Game Board Panel Wrestles with Bear Control Policy

A special committee met Thursday in Fairbanks to draft recommendations
on ways to control the bear population

Jeffrey Hope / KTUU-TV / Channel 2 / March 5, 2004

From targeting bears from airplanes, to selling bear parts, there's debate this week over expanding predator control. At Thursday's meeting in Fairbanks, the chairman of the Board of Game created a special committee to look into bear management and suggest a policy for the board -- a task that won't be easy.

The committee is trying to find common ground between hunters, environmentalists, and dozens of people who have testified in favor of more predator control so moose populations will rise.

On the last page of the draft, under "predator control," is a list of means and methods the board may consider, including relocation, chemical sterilization, same-day airborne hunting in some areas, sale of hides and skulls as incentive, multi-bear bag limits, snaring, and brown bear baiting.

That list has Paul Joslin of the Alaska Wildlife Alliance concerned. "It gets me very nervous," he told the board members.

The sale of bear parts has been considered taboo by Alaska Natives until recently, when some moose populations have declined.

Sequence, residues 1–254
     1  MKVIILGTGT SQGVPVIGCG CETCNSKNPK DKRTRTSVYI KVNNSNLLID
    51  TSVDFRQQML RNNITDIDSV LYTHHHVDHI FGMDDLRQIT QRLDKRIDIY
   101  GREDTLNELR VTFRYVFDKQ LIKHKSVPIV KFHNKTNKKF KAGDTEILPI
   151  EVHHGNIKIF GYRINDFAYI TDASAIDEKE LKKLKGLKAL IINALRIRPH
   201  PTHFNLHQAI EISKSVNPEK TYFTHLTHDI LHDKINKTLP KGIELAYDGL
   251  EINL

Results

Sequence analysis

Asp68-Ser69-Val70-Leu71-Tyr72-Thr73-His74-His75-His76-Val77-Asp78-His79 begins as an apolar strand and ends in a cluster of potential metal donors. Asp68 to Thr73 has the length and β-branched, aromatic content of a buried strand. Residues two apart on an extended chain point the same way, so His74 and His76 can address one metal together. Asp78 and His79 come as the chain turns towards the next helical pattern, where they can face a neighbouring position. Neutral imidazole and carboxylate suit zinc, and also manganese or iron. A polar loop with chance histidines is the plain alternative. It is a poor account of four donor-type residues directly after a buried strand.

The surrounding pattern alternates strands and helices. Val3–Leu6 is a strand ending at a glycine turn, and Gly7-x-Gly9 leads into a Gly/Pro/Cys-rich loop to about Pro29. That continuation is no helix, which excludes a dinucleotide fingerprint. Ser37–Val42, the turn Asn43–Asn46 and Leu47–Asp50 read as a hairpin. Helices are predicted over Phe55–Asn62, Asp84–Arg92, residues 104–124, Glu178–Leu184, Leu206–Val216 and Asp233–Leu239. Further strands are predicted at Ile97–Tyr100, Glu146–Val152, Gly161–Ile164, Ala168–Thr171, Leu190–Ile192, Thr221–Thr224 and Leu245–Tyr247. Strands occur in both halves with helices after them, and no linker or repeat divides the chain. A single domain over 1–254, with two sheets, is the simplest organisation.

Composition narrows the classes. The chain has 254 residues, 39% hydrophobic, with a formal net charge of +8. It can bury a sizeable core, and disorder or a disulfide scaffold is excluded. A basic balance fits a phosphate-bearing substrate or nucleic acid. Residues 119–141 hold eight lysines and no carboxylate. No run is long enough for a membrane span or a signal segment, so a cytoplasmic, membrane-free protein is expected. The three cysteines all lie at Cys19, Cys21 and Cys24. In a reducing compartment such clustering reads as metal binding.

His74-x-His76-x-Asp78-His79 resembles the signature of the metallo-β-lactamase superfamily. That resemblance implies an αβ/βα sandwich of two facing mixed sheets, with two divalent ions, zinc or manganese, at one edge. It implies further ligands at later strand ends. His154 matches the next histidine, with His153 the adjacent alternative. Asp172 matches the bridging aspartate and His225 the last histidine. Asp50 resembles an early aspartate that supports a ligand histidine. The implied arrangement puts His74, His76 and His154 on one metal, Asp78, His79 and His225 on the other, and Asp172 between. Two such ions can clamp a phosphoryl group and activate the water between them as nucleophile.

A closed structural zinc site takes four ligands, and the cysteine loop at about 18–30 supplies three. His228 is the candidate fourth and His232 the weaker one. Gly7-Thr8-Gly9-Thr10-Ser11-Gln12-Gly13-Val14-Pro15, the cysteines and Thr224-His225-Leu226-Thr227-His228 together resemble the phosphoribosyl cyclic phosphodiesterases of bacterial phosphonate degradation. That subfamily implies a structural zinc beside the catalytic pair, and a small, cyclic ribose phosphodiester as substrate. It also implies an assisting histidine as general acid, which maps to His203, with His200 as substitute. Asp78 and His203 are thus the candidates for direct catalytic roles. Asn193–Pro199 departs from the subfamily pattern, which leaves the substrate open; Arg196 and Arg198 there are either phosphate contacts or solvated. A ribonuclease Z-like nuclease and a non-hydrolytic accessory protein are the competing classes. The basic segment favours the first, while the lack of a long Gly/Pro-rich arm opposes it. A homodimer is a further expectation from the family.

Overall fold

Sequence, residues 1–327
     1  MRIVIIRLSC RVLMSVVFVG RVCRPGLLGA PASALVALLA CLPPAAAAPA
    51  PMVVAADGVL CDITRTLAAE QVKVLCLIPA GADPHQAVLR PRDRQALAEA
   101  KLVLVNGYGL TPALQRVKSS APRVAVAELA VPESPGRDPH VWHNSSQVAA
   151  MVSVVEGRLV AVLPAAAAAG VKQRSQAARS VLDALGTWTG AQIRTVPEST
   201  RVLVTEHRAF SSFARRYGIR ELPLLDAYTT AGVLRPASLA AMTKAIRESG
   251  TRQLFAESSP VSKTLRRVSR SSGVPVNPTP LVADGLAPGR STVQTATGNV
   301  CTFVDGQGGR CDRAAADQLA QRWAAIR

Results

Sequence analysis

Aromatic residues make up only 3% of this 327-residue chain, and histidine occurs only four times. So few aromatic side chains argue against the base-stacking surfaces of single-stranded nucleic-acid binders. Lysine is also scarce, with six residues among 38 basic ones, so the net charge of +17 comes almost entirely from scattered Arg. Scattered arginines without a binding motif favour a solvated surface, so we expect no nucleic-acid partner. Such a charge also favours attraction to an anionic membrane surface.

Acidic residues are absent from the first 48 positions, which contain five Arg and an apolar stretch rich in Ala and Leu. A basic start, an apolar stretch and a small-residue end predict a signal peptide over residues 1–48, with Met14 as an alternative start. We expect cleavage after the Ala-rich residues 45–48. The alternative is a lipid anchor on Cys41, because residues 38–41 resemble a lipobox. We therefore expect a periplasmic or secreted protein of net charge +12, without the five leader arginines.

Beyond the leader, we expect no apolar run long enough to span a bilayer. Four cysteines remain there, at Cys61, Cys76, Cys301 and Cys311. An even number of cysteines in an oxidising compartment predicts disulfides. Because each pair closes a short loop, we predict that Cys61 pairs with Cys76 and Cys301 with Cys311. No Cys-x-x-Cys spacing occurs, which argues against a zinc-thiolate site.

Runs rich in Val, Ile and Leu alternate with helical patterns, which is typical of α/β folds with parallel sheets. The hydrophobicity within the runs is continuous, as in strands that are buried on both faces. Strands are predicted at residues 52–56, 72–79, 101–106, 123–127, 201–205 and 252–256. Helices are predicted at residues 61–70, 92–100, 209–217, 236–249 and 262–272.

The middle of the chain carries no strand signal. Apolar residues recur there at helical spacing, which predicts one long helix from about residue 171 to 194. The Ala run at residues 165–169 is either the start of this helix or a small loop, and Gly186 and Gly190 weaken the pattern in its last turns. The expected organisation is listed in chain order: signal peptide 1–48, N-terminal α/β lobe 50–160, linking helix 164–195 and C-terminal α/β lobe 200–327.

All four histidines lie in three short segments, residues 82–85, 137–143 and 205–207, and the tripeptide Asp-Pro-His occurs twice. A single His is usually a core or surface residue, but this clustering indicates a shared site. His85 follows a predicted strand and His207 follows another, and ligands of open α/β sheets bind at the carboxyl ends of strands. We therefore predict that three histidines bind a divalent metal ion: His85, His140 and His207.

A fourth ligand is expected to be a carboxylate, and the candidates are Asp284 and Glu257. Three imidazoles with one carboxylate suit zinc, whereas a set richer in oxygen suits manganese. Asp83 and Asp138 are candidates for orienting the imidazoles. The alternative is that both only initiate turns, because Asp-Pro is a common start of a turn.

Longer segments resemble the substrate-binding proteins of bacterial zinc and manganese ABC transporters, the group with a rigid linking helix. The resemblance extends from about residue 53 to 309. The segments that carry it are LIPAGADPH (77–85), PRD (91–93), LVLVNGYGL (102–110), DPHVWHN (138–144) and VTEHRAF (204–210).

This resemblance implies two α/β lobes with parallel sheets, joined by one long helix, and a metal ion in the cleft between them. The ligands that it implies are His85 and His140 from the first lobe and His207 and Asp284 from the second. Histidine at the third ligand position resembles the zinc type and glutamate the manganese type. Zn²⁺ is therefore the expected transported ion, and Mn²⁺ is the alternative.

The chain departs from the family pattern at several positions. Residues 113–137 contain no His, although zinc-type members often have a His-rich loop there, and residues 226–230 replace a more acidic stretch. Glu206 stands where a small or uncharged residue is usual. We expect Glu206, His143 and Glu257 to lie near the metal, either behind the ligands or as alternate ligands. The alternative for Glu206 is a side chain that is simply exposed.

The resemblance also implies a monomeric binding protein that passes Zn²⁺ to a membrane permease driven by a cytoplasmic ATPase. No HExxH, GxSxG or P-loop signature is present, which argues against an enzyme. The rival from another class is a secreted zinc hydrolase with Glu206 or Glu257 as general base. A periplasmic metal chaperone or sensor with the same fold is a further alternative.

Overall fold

"There could be a lot more incidental take of bears," Mike Tinker of the Fairbanks Advisory Committee pointed out. "But people are not going to mess with them when they're a financial liability and you've got to bring them home and it costs you $800 to do something with them."

"I have the sense that we're kind of moving ahead here in a direction that may not have that broad-based public support," Joslin said at one point.

"I'm not going to be supporting opening up the entire state to same-day airborne (hunting) and recreate the problems we had in the early '60s," said board member Ron Somerville, a former head of the state's game division.

A decision whether or not to use predator control is supposed to be based on science. The big questions are whose science and how much is needed.

"Can we all agree that the department will decide when there's enough science? That's when you get into trouble because you can always have more science," said Matt Robus of the Division of Wildlife Conservation.

The group will spend two to three days revising drafts. Once the final version goes to the board, members can adopt the policy immediately, put it out for public comment, or put it on hold until the next meeting in November.

In other action Thursday, the board approved the use of helicopters by those who are trapping wolves, but that measure only affects a few people.

Some critics believe that the Board of Game is simply "out to get predators." Not true, at least according to one thing it did Thursday. Board members said no to an increase in the bag limit for wolves in the Interior, saying the current limit is adequate.


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